First Time Buyer? Get Ready!

Sep 15
Category | Blog

Most kids get an annual check up. Many adults also have a physical every year or two. But how often have you done a check-up on your finances? If you are hoping to buy your first home sometime in the near future, a financial check-up is a good idea.  Getting your first mortgage means a lender is going to dig pretty deep into your financial situation. The process can be a lot smoother if you are prepared and know what to expect. Here are a few tips:

Be Honest (with yourself)

Know your credit score. If you have a Discover® Card, it’s on every monthly statement. If not request a free credit report from any of the three credit agencies. If your FICO score is below 600, you probably should focus on paying down some of your debt and repairing your credit history.

Know your assets. Your assets include your income and the value of any property you own including cars, artwork, jewelry, musical instruments, boats, bikes, other real estate, retirement/pension, etc.

Understand your debt. What you owe includes your monthly expenses, as well as the balance on any other loans you have, including car loans, student loans, credit card balances (all of them). It also includes any other legal obligation like spousal or child support and other payment plans (ex: rent-to-own furniture/electronics, medical procedures, memberships).

Be Smart

Start keeping track of your key personal and financial documents now, in a folder (paper or on your computer). Make sure your account logins are up to date so you can access updated documents quickly and easily, including:

  • Bank/Investment account statements
  • Paystubs
  • Personal Tax Returns (including W2s)
  • Legal documents (marriage license, immigration status, divorce decree)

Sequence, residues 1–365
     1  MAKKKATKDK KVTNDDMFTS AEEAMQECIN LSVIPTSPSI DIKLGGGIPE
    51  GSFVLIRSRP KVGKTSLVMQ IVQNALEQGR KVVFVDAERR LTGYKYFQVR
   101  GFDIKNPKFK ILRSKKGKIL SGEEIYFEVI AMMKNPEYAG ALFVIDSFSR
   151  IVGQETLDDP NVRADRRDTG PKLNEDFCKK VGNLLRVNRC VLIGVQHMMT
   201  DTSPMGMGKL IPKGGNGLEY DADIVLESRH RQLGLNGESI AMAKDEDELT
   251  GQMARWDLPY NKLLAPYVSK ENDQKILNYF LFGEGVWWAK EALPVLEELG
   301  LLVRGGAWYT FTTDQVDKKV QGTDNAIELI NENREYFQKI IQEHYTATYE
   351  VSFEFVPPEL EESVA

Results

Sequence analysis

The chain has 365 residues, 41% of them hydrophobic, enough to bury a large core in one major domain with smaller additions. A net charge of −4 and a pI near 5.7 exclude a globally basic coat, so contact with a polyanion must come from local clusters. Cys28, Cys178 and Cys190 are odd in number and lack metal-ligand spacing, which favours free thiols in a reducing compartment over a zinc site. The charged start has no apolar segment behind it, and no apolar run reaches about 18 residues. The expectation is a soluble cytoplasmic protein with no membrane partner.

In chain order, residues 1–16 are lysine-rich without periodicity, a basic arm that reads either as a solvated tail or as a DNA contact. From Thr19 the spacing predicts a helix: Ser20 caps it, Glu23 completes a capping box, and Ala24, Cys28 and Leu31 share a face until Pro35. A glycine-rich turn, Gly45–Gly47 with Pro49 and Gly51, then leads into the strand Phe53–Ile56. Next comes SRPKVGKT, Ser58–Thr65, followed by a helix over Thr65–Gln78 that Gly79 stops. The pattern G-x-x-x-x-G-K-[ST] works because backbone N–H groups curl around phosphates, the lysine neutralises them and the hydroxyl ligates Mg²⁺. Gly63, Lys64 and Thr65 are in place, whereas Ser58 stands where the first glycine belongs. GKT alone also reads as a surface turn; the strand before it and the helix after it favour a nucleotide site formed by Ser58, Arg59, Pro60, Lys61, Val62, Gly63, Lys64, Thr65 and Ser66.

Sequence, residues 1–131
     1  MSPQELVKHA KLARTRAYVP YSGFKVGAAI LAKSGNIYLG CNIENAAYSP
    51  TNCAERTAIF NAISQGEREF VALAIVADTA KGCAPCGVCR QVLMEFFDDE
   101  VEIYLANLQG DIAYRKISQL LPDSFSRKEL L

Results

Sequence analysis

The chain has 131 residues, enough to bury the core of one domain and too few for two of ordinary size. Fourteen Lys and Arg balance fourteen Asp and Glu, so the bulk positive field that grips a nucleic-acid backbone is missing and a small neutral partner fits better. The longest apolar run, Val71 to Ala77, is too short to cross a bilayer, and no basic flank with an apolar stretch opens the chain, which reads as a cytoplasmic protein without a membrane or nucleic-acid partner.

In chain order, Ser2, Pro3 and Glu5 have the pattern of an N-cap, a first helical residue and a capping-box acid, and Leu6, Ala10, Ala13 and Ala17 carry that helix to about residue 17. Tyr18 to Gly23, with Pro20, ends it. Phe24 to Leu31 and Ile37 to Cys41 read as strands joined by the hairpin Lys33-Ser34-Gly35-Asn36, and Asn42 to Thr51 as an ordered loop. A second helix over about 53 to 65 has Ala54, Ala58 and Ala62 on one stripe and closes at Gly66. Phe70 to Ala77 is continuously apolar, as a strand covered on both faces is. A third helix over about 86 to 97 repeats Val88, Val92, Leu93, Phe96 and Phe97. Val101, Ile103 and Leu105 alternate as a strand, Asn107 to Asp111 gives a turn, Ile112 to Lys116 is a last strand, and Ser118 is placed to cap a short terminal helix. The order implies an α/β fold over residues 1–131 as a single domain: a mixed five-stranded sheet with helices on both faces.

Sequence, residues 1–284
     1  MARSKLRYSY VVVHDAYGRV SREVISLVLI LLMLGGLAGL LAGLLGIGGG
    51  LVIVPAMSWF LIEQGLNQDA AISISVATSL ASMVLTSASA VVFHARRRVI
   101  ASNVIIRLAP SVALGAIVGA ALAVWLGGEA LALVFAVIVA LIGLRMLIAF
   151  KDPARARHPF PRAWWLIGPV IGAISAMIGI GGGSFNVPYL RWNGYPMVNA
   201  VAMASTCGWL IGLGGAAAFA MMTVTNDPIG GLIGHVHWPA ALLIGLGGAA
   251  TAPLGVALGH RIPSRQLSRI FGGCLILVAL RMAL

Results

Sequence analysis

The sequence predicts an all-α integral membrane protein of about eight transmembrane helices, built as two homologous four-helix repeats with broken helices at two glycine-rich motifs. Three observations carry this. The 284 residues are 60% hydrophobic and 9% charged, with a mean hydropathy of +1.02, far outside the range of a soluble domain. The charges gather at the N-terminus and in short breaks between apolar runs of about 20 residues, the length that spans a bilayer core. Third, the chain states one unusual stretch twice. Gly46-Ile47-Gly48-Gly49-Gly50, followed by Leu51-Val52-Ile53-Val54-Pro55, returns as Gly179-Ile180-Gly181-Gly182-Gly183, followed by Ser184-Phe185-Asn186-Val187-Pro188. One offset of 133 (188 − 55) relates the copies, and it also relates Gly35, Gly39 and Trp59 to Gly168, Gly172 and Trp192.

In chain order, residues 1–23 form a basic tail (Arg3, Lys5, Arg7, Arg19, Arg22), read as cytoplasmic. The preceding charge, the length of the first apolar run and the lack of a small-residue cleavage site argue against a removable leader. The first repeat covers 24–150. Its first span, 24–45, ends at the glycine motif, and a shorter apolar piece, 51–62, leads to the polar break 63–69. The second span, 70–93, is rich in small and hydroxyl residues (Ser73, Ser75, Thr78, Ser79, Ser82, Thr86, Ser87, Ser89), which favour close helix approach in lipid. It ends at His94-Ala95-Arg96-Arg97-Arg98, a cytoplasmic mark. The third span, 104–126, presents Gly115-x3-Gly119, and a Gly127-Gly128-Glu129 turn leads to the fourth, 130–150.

Request a copy of your credit report and check it carefully to ensure it is accurate. It can take weeks or even months to have a correction made. A dispute on your credit report can delay a mortage application.

Avoid big purchases and taking on more debt.  Plan for the new car, new furniture or cruise vacation AFTER you have settled into your new home and adjusted to your obligations as a homeowner.

If you have, or plan to, change your name (ex: marriage/divorce) try to complete that process at least 3-6 months before you start house-hunting. Check that all of your identification (photo ID, social security number) is updated and that your banking and credit accounts reflect your new name.

You’re Ready!

Taking stock of your financial information, ensuring it is accurate and keeping it consistent in the months leading up to your home search will help you understand how much you can save for a down payment, and determine how much home you can buy and maintain. 

Having your documents organized and updated will make the mortgage application process go smoothly which will in turn ensure that when you find your first home, you are qualified to make an offer and get the financing you need.